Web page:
When applying for a Job in Canada Don’t try to be the jack of all trades
Imagine that you are a scout responsible for hiring players to your country’s national soccer team. Let’s say that you get two candidates who apply to join the team.
The first candidate is an amazing athlete. He plays not only soccer but also baseball, cricket, basketball, hockey, and football. He scores highly on general fitness tests in categories such as speed, explosive power, and strength. He can bench press 400 pounds.
The second candidate does not play multiple sports. He does not score as highly as the first candidate on general fitness tests. His skill set is much less diverse than the first candidate’s. However, he does play soccer very well. He has played soccer and no other sport his entire life.
Which candidate would you likely choose?
It would make sense to choose the second candidate because despite the better overall fitness level of the first candidate, the second candidate has a skill set that is much more in line with the job description. After all, what is the point of having someone on the team who can run fast and bench press a ton when he can’t kick a soccer ball very well?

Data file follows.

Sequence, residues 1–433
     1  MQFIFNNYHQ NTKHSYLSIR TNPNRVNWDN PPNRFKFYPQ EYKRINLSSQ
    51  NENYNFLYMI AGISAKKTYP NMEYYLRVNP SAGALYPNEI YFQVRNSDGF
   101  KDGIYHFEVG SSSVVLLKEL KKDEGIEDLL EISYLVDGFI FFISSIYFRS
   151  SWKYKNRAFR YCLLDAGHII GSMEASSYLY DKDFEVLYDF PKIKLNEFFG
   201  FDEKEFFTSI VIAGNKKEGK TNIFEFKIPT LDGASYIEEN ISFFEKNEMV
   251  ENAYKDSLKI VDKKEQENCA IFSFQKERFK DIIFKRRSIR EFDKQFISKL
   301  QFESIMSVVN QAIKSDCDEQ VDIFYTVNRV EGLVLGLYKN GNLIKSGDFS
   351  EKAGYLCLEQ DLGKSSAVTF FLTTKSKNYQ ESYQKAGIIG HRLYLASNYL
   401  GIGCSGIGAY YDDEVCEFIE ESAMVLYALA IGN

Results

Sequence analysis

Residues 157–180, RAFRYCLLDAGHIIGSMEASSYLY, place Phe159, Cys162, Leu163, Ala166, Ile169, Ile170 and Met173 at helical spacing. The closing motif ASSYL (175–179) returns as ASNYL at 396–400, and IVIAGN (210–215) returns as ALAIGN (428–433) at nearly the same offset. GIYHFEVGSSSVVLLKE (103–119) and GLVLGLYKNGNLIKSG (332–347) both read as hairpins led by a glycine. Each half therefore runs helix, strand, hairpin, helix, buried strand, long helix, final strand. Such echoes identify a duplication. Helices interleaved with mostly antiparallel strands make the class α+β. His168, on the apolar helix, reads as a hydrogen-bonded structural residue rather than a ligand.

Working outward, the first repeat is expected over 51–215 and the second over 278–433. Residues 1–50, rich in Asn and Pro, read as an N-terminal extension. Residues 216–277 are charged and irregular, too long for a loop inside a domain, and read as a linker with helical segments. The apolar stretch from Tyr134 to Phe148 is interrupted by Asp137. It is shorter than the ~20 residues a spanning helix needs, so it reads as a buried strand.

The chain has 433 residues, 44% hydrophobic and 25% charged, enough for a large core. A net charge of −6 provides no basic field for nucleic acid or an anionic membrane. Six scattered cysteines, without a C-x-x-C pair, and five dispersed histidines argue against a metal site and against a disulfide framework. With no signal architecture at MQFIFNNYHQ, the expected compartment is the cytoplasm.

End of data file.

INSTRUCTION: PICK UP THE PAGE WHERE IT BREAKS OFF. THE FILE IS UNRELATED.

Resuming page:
This is obvious within the context of sports. Yet, many job candidates seem to believe that this does not hold equally true within the job context. That is, instead of focusing on one or two relevant skills, some candidates provide a laundry list of skills, many of which are only remotely relevant to the job description.
When you are applying for jobs in Canada do not try to convey in your application the impression that you have every skill set known to human kind. It takes time to become skilled in certain roles. Such skills develop over time. In some cases it takes years to develop the skills necessary to work effectively in particular areas.
Employers are well aware of this natural development process. If you put into your job application that you are an expert in fifteen different roles then the perception that you convey is that you are likely not skilled in any.
Its far better to focus on one or two skills sets that you do well and, ideally, that are relatively rare. By emphasizing in depth one or two skills sets, you are demonstrating to the employer that you really are good within these specific roles. It’s more prudent to be patient and resist the temptation to try to appear as a universally gifted polymath. When the opportunity arises that an employer happens to be in need of someone with your specific experience then you will likely be the one asked to an interview.